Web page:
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You are here: Home About us Cultural events Exhibitions Exhibit of the Month - June 2024

Exhibit of the Month - June 2024

June 12 - July 9, 2024 Ante-room to the General reading Room (gate A), open Monday to Saturday 9 am - 7 pm (see opening hours of the NL)
Admission 20 CZK (free for the NL readers)

Hours and Prayers
Bohemia 1480–1490
NL Prague, shelfmark XVII G 3
f. 110v

The exhibited manuscript contains a set of prayers intended for regular reciting during the day as well as prayers for various occasions. The first 130 folios contain transcribed liturgical hours – psalms, hymns and prayers, which were recited at night (Matins), at dawn (Lauds), at six in the morning (Prime), at nine in the morning (Terce), at noon (Sext), at three in the afternoon (None), in the early evening (Vespers), and before going to bed (Compline). Included are the Hours on the Passion of Christ, the Hours of Eternal Wisdom, and the Hours of the Virgin. They are followed by seven Penitential Psalms, which were a regular part of prayer books.  At the conclusion, there are various prayers (prayer to the Guardian Angel to grant protection, worship of Christ’s suffering, penitential prayers etc.).

The first owner of the book remains unknown, but an inscription at the end of the manuscript sheds light on its subsequent history. In 1575, Abbess Dorota of Krumlov (Krumau) bought the book for the Benedictine convent of St. George at the Prague Castle. The journey to the convent’s library is notably intriguing; the manuscript was initially commissioned by a Utraquist patron, as can be read from the Communion prayers. They repeatedly mention the Communion under both species. In one place, the reference about receiving the blood is crossed out (“His Holy Blood which I drank”). In other places, however, these wordings are left intact, including rubricated headings (e.g. the heading of the prayer “After receiving both, namely the Body and Blood of Jesus Christ”).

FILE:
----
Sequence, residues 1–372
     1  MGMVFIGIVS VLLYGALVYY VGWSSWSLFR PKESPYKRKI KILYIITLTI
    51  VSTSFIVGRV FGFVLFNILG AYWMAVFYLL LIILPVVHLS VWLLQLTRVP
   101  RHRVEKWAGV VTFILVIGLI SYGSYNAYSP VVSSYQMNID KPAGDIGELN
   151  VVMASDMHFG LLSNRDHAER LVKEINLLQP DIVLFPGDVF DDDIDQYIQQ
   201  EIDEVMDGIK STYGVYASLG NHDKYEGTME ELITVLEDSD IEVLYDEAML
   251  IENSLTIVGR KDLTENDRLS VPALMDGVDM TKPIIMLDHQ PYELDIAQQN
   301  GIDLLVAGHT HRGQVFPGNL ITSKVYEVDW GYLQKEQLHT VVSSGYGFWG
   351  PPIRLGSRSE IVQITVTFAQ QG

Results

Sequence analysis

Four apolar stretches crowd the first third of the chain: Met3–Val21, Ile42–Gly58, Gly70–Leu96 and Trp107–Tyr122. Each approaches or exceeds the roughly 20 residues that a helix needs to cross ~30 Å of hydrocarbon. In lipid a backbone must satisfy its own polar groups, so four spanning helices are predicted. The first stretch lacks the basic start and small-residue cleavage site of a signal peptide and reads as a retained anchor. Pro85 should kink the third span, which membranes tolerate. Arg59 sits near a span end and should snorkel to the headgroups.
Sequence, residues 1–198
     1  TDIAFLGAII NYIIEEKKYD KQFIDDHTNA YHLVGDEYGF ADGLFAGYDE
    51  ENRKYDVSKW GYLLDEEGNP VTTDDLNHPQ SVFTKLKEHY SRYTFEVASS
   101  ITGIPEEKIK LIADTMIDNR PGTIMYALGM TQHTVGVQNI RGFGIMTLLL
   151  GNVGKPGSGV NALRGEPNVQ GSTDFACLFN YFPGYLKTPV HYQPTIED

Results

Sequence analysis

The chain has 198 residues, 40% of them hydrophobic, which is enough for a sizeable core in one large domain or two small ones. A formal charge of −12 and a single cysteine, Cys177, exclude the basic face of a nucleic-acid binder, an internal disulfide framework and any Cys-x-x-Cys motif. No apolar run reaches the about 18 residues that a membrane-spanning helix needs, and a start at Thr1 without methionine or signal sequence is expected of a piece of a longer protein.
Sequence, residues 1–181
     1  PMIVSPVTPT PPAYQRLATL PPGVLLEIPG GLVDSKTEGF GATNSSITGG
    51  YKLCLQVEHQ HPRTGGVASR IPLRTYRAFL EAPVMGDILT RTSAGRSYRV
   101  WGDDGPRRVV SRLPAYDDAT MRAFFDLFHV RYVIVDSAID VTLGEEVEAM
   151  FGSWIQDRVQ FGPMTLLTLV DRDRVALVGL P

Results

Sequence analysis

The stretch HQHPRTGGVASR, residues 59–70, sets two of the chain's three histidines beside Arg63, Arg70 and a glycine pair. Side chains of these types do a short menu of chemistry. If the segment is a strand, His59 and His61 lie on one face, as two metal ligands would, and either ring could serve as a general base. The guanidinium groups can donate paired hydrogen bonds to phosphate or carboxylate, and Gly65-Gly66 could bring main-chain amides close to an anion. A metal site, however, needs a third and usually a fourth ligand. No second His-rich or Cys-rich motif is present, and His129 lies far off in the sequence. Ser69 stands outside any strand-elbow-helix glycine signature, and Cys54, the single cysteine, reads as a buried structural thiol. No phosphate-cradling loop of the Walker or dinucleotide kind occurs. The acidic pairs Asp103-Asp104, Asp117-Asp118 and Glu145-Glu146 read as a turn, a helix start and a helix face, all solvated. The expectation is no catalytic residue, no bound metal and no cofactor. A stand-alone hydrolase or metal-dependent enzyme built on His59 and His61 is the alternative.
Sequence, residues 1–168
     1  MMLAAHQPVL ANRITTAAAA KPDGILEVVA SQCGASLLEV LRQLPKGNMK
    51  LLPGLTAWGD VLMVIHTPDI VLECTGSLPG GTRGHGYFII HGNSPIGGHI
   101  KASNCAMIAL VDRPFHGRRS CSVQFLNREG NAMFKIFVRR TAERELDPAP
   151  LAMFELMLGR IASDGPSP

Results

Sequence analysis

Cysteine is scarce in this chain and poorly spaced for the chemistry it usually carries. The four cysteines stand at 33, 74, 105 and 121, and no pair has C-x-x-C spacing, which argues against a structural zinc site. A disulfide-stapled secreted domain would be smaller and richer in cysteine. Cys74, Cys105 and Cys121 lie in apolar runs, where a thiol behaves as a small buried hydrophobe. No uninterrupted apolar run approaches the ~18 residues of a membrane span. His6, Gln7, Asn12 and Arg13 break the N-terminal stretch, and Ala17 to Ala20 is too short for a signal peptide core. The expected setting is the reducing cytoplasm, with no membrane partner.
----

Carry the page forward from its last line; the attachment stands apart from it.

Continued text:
The manuscript is quite richly decorated. It contains sixteen figural initials and other decoration including the scrolling floral motifs at margins. The open page shows the scene of the Visitation of the Virgin Mary in the initial B (f. 110v). Here, pregnant Mary visits her cousin Elizabeth, who, despite her advanced age and presumed infertility, is also expecting a child, the future John the Baptist. Luke the Evangelist recounts that the child in Elizabeth’s womb leapt for joy during the encounter, signalling to Elizabeth that Mary would be the Mother of the Saviour. Scenes from Mary’s life were commonly used to divide the individual parts of the office, as is also evident from this example, where the scene introduces the prayers “at the third hour” of Marian Hours.

Jun 05, 2024
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